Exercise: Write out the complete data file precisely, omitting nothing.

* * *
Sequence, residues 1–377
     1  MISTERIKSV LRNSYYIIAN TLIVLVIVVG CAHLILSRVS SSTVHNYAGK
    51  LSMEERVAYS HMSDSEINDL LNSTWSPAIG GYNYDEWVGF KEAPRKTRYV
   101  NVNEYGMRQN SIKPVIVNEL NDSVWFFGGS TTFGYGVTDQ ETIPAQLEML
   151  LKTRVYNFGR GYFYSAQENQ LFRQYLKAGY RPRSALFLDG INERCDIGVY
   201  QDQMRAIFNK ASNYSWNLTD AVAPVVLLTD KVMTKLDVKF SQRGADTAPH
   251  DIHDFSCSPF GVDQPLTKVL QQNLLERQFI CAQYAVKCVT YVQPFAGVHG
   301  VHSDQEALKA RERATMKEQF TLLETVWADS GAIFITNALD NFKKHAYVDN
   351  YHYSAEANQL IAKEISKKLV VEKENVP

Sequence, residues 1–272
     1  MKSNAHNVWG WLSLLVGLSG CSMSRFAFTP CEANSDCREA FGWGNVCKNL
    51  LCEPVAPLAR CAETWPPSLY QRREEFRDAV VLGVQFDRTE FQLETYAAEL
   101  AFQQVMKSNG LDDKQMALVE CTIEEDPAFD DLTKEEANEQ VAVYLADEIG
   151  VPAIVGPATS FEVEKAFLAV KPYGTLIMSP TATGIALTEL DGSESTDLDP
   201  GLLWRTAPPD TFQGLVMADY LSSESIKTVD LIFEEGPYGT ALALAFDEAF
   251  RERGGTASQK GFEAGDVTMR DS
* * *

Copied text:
Sequence, residues 1–377
     1  MISTERIKSV LRNSYYIIAN TLIVLVIVVG CAHLILSRVS SSTVHNYAGK
    51  LSMEERVAYS HMSDSEINDL LNSTWSPAIG GYNYDEWVGF KEAPRKTRYV
   101  NVNEYGMRQN SIKPVIVNEL NDSVWFFGGS TTFGYGVTDQ ETIPAQLEML
   151  LKTRVYNFGR GYFYSAQENQ LFRQYLKAGY RPRSALFLDG INERCDIGVY
   201  QDQMRAIFNK ASNYSWNLTD AVAPVVLLTD KVMTKLDVKF SQRGADTAPH
   251  DIHDFSCSPF GVDQPLTKVL QQNLLERQFI CAQYAVKCVT YVQPFAGVHG
   301  VHSDQEALKA RERATMKEQF TLLETVWADS GAIFITNALD NFKKHAYVDN
   351  YHYSAEANQL IAKEISKKLV VEKENVP

Sequence, residues 1–272
     1  MKSNAHNVWG WLSLLVGLSG CSMSRFAFTP CEANSDCREA FGWGNVCKNL
    51  LCEPVAPLAR CAETWPPSLY QRREEFRDAV VLGVQFDRTE FQLETYAAEL
   101  AFQQVMKSNG LDDKQMALVE CTIEEDPAFD DLTKEEANEQ VAVYLADEIG
   151  VPAIVGPATS FEVEKAFLAV KPYGTLIMSP TATGIALTEL DGSESTDLDP
   201  GLLWRTAPPD TFQGLVMADY LSSESIKTVD LIFEEGPYGT ALALAFDEAF
   251  RERGGTASQK GFEAGDVTMR DS